Sony doesn’t like being sued – especially by a group of folks acting in concert. So it’s done what any giant, multinational company would do to sidestep future class-action litigation: tell customers they just can’t do it. Starting today, those who plan to continue using the PlayStation Network and other Sony online services must agree to a new Terms of Service and User Agreement which denies them the right to engage in class-action proceedings against the company.
Version 12 of Sony’s Terms of Service and User Agreement (.pdf) dated September 15th, 2011 includes the following “Binding Individual Arbitration” clause:
Any dispute resolution proceedings, whether in arbitration or in court, will be conducted only on an individual basis and not in a class or representative action or as a named or unnamed member in a class consolidated, representative or private attorney general action, unless both you and the Sony entity which you have a dispute specifically agree to do so in writing following initiation of the arbitration. This provision does not preclude your participation as a member in a class action filed on or before August 20, 2011.
The clause is no mere suggestion. According to game industry news site Gamasutra, Sony sent PSN members an email which stated that customers who refuse to agree to the new terms will have their accounts unceremoniously closed and any remaining funds in them at the time reimbursed.
Sony also made it clear that changing the User Agreement for its online services at any time and for any reason is well within its rights.
“SNEI, at its sole discretion, may modify the terms of this Agreement at any time, including imposing a fee for creating PSN accounts. By accepting this Agreement or by accessing Sony Online Services, you agree to be bound by all current terms of the Agreement,” reads the document.
The addition of the waiver is not surprising; Sony is no stranger to class-action suits.
A few years after it launched the immensely popular PlayStation 2 console, the company was hit with a class-action suit over defective units. Sony eventually settled out of court, though maintained its innocence. In 2005, it faced one for including rootkit-based DRM on CDs. And last year aggrieved Linux users sued the company for removing the functionality from the PlayStation 3 via firmware update.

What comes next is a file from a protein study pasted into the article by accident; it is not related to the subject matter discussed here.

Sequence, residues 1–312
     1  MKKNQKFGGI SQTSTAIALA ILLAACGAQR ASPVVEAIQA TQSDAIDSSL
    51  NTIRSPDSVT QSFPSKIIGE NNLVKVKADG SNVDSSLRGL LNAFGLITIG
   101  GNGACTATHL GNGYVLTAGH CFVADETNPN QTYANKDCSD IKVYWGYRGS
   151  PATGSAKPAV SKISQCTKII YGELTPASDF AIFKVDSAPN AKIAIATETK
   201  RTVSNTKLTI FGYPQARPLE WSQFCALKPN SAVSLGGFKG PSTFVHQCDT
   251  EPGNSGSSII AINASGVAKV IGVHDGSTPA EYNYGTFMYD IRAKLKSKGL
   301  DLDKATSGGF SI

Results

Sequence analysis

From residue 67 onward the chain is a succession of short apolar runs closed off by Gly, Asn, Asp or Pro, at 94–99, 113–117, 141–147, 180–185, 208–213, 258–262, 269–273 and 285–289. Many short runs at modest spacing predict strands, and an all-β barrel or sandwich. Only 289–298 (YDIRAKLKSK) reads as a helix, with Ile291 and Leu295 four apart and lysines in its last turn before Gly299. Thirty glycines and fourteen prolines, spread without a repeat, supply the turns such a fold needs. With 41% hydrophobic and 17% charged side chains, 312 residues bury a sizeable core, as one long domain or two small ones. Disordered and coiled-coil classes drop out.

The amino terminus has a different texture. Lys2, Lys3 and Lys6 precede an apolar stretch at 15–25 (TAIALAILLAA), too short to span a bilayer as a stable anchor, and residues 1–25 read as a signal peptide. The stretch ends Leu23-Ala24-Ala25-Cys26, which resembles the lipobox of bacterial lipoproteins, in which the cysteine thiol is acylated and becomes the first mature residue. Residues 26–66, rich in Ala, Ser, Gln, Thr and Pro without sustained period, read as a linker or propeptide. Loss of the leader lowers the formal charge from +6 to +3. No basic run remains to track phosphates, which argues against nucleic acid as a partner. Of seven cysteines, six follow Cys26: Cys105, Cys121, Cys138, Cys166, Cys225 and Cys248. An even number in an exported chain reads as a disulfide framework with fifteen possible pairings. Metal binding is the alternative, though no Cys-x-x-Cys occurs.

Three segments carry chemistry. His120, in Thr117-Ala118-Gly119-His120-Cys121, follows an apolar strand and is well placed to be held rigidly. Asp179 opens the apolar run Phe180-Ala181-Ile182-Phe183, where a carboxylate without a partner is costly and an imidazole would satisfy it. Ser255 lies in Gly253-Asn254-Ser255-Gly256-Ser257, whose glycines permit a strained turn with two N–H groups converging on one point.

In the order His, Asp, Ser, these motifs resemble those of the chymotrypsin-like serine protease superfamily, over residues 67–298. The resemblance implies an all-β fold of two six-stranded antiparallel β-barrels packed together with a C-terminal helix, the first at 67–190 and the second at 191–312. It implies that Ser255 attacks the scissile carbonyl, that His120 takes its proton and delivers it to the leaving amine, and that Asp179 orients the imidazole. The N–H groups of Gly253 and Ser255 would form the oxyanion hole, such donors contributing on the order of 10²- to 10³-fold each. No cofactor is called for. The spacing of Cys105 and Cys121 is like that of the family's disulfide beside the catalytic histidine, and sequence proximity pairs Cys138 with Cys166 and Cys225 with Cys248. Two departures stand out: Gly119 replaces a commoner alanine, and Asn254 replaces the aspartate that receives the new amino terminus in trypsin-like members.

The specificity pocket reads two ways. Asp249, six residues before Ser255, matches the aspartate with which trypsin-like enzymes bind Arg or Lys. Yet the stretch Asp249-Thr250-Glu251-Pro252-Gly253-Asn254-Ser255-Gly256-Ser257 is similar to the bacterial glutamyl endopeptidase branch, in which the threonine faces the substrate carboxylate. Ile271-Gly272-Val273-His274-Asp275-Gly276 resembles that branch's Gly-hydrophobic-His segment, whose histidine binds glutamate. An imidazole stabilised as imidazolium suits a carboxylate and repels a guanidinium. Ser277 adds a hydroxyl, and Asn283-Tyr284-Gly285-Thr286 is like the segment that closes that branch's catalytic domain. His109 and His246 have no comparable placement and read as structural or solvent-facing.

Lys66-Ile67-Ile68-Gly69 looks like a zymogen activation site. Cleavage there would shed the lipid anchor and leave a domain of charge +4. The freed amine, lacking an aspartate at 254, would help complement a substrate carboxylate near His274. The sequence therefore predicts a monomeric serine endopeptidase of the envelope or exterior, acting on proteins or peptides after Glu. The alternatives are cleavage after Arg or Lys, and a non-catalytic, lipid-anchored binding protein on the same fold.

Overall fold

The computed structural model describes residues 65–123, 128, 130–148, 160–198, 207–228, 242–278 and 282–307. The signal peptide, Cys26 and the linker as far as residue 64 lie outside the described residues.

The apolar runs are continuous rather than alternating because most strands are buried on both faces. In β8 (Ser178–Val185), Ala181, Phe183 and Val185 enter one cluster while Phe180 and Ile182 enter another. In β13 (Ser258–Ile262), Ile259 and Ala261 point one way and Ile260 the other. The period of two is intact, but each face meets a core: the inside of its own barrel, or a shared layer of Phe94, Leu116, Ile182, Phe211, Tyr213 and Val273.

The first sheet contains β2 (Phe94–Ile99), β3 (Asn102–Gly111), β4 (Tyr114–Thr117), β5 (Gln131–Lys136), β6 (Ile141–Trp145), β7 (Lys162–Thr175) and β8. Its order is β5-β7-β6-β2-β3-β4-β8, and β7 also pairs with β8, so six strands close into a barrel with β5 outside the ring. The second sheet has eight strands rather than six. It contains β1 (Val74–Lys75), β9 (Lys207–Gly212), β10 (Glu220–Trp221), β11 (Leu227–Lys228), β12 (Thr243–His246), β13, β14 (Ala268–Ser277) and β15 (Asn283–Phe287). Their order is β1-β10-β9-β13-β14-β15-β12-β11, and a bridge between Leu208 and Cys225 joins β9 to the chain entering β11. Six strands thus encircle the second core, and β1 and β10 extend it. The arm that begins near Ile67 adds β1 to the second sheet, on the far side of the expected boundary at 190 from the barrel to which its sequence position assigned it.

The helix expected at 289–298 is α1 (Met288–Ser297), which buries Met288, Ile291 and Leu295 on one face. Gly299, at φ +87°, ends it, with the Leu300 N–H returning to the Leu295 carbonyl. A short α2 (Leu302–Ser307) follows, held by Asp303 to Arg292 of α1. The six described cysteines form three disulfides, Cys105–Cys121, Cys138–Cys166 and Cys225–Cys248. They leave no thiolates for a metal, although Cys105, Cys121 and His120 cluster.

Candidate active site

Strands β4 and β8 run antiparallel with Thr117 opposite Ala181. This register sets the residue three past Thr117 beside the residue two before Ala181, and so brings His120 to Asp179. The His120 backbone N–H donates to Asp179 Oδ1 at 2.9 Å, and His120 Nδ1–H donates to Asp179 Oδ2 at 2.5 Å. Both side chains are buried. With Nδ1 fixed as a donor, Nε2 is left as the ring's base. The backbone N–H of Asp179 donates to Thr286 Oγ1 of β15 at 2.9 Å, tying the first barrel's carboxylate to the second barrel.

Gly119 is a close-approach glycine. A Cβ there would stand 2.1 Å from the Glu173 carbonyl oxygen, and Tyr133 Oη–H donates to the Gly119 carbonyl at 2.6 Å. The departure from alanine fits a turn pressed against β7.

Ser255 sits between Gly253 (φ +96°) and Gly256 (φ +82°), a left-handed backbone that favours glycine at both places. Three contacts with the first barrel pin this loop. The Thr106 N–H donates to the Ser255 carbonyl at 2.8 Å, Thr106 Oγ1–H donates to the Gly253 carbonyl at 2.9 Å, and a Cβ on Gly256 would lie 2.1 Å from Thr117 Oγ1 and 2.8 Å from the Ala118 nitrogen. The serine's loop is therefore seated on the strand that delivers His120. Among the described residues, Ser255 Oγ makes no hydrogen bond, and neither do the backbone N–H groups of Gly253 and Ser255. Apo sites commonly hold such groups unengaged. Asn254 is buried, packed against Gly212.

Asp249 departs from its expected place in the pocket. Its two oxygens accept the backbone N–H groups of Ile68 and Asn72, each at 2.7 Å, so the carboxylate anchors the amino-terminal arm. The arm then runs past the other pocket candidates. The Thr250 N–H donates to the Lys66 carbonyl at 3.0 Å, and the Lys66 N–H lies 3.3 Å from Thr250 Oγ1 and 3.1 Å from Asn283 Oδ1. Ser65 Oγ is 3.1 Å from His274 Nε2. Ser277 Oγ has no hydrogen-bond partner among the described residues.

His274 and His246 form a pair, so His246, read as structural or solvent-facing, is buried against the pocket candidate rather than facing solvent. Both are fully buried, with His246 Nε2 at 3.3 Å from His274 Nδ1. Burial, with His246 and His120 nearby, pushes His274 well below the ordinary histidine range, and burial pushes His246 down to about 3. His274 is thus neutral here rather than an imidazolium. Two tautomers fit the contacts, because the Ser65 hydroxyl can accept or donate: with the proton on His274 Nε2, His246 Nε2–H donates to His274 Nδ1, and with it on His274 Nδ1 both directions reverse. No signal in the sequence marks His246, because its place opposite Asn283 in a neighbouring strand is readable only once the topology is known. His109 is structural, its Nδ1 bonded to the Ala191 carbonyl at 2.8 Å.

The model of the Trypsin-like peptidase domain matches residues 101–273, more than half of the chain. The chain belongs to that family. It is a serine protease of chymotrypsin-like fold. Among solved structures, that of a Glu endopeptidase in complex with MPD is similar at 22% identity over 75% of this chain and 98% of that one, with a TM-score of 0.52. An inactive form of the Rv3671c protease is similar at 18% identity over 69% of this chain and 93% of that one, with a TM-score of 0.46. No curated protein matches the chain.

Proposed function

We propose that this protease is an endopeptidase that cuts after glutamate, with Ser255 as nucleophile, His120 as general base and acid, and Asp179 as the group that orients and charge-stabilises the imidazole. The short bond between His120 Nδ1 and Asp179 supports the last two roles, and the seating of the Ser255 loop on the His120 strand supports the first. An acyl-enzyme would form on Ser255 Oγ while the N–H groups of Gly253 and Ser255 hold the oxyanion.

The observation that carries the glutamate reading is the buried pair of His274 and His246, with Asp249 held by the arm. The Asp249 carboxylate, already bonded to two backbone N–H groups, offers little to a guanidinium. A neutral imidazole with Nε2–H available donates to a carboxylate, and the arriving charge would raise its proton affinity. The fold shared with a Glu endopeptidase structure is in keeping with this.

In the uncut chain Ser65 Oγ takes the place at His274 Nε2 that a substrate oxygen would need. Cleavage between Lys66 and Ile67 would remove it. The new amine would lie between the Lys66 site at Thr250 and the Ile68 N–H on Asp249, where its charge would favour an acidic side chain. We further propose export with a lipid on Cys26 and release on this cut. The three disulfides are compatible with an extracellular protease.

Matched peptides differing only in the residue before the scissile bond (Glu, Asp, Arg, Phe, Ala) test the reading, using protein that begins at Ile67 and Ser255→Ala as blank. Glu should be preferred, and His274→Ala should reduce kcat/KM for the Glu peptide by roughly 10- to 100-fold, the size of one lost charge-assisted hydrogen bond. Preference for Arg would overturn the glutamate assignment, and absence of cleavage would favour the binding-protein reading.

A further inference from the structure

2011 has been no less litigious for Sony.
In April, the company suffered a massive security breach from an unknown cyber attacker. It notified around 77 million PlayStation Network members that their personal information – including names, addresses, passwords and possibly credit card numbers – was compromised by the server intrusion.
A week after Sony shut down the service, Alabama resident Kristopher Johns filed a class-action lawsuit over the breach against Sony, citing “breach of warranty, negligent data security,violations of consumers’ rights of privacy, failure to protect those rights, and failure and on-going refusal to timely inform consumers of unauthorized third party access to their credit card account and other nonpublic and private financial information.” Canadian law firm McPhadden Samac Tuovi LLP launched one on behalf of a single Ontarian, Natasha Maksimovic, in May.
MyCE reached out to Abigail Phillips, Senior Staff attorney at the Electronic Frontier Foundation, regarding the legality of the new clause. This post will be updated should she issue a comment. (via IGN)
Will you sign off on the waiver, or shut down your PSN account in protest? Let us know in the comment section.